She thought a Friday morning would be perfect to run out to the farmer’s market. Nobody would be out because kids are all in school. Then she shook her head and corrected herself instantly.
“Yes, because when they aren’t in school the number one hang out for teenagers is the farmer’s market.”
After chiding herself through mockery she reexamined her reasoning. Friday morning all of the normal people will be at work. The rest she can just swiftly maneuver past, grab her things and go. The only types out on a Friday morning would be the elderly and the jobless. Neither are that adept at the kind of ninja-esque skills that she liked to think she possessed.
The only problem was when she woke up the next morning she opened one eye and looked at the alarm clock. It’s single eye with red pupils in the form of the numbers 6:45 glared back at her. She groaned and closed her eye and hit the button on the alarm to kindly give her peace for another few minutes. The next time she opened her eyes she rolled over to look at the clock and then leaped out of bed as there was a nine followed by a four followed by a seven stationed in the alarm clock’s eye. Her sleepy smack of the button misfired and she turned it off completely and now her entire plan was ruined and going to have to be improvised.
After the quickest shower any human being has ever gotten, or so she thought to herself to give her some semblance of accomplishment this morning, she tossed on some clothes without giving much thought of how well their color schemes and patterns fit together. Rather the main criteria fell into one of two categories: were they on the floor and were they inside out? If they fit any of these two items then they were not eligible to be worn today.
She settled on a light blue dress that hugged her down to her hips and then flowed out the rest of the way to her knees. It was modest but cute and fit the sunny day the weather app had promised her. She did have to give it a second look to make sure she wasn’t looking at the wrong day as had happened before. It would be a terrible tragedy, but on par for the way things were going, if she had gotten to the market only to have the skies open up or a blustery wind howling through the stalls.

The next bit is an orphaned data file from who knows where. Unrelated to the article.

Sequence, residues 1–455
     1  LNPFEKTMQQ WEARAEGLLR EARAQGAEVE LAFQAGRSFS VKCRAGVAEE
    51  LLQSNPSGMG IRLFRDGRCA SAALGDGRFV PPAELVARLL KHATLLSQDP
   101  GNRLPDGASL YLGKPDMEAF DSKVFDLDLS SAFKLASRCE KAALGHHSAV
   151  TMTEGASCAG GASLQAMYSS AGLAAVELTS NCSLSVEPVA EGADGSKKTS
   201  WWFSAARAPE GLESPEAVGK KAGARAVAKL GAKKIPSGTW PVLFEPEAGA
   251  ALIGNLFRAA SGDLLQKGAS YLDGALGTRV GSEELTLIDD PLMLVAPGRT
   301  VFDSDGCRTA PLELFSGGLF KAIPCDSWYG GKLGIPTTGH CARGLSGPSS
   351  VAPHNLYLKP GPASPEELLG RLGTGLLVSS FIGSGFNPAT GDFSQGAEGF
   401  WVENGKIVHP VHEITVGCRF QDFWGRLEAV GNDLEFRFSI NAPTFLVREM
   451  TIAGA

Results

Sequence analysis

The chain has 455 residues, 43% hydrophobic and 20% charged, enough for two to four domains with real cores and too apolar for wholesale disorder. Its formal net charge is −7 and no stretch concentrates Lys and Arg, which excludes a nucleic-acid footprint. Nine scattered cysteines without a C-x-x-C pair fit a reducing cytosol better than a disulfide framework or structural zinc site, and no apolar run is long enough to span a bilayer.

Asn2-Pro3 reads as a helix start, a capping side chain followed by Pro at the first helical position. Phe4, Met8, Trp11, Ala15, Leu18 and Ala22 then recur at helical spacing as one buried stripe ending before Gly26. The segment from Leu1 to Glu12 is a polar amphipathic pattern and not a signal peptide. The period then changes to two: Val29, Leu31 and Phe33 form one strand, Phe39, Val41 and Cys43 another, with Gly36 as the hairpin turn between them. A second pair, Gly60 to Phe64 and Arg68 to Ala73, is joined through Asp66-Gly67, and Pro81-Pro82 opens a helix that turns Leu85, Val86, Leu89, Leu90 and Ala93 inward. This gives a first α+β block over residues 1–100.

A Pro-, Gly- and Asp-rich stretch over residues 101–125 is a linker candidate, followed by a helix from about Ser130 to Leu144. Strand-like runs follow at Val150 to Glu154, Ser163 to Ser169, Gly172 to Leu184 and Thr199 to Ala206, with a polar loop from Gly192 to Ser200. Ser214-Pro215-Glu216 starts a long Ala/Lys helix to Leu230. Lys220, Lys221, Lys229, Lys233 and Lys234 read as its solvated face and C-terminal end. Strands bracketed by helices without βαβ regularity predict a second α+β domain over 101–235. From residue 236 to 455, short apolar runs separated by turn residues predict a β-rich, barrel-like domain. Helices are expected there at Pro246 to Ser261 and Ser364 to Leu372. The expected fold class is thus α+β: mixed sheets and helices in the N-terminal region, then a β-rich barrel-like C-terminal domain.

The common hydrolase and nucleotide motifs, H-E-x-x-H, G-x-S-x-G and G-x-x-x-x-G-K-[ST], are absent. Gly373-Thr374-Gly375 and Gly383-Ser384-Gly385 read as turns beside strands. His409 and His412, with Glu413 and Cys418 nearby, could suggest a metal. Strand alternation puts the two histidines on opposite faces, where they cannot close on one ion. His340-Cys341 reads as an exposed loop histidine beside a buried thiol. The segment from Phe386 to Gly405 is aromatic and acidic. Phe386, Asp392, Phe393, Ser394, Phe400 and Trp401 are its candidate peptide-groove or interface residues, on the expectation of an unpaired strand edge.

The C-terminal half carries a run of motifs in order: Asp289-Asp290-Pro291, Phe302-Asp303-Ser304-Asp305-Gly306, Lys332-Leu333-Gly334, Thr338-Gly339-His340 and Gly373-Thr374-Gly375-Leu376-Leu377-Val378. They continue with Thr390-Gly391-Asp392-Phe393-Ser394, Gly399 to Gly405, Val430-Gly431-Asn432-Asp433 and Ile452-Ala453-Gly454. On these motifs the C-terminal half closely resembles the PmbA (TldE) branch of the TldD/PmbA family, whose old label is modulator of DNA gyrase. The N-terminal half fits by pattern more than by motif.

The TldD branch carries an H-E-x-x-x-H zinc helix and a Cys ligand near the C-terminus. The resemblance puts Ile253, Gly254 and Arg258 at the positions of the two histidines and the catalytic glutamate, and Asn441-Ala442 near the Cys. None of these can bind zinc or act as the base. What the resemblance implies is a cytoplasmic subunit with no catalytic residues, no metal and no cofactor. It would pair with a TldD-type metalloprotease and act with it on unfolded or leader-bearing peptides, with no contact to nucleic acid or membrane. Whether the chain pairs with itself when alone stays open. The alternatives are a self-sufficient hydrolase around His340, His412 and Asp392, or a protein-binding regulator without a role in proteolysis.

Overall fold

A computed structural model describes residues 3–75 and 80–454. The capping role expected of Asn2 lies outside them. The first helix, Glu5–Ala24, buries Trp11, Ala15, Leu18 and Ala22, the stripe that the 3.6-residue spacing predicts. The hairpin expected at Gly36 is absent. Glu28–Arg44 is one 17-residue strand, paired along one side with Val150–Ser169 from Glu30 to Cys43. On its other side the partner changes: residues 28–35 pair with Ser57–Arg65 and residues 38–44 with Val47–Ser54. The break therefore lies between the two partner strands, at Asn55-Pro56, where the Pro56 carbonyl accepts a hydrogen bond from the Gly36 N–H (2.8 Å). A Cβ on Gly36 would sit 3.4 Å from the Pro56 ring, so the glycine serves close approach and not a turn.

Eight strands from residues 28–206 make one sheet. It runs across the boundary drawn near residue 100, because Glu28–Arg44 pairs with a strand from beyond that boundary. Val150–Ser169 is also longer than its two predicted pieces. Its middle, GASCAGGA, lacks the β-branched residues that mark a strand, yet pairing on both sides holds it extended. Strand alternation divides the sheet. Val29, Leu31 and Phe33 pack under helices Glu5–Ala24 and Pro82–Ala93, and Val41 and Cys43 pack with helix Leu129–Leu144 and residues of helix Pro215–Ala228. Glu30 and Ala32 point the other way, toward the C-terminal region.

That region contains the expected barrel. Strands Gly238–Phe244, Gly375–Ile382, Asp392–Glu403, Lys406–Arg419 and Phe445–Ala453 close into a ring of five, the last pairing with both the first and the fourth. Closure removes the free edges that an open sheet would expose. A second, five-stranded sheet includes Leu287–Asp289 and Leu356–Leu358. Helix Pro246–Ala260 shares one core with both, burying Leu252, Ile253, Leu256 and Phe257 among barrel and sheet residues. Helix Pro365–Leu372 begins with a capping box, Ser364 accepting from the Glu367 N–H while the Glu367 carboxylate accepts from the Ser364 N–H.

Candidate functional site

No, sunny all day. Quite warm actually. She grabbed a hat as well to keep the rays off her pale shoulders so she didn’t cook too much. Hopefully a little though, she didn’t want to be over done but a nice toasting would be appreciated.
When she finally arrived at the market she let out a deep sigh and laid her head on the steering wheel for a moment.
“Busy…how is it busy. It’s not even lunch time yet.”
She let out a sigh and headed into the stalls. Hopefully everything wouldn’t be picked over just yet. Rarely does she ever make it out to the market and if this didn’t go even partly well she feared she might not even bother in the future, but having fresh fruit and vegetables felt like a rare treat and she didn’t need the discouragement.
The situation did begin to kick upwards though. As she held her wicker basket at her front and made her way inside she smiled at the bustling market. Everyone seemed to be smiling. The sun was peeking its way through the stalls and she was put instantly put into a great mood.
“Positivity is a mindset,” she said to herself before walking valiantly up to the first stall in search of something that would catch her eye.
There she found the reddest, plumpest strawberries she had seen in a long while and instantly grabbed a bushel. Right next to them she found a lovely flat of blueberries that she grabbed as well. Her smile was almost too hard to hold back. She paid and flashed her teeth at the man behind the counter and practically had a skip in her step as she made her way deeper into the market.
As the stalls whizzed by she picked up a few more things. Some celery and avocados. A fresh loaf of bread that felt still warm as if it had been driven at the highest speed possible right out of the oven and into her hand. Some romaine lettuce and a bottle of raspberry lemonade. There was a brief moment where she considered purchasing a slab of meat rolled up in a pinkish sheet of paper but she wasn’t sure she wanted it mixed in with her garden choices and feared it might bleed all over her basket. Next time maybe a plastic bin for such purchases, she thought.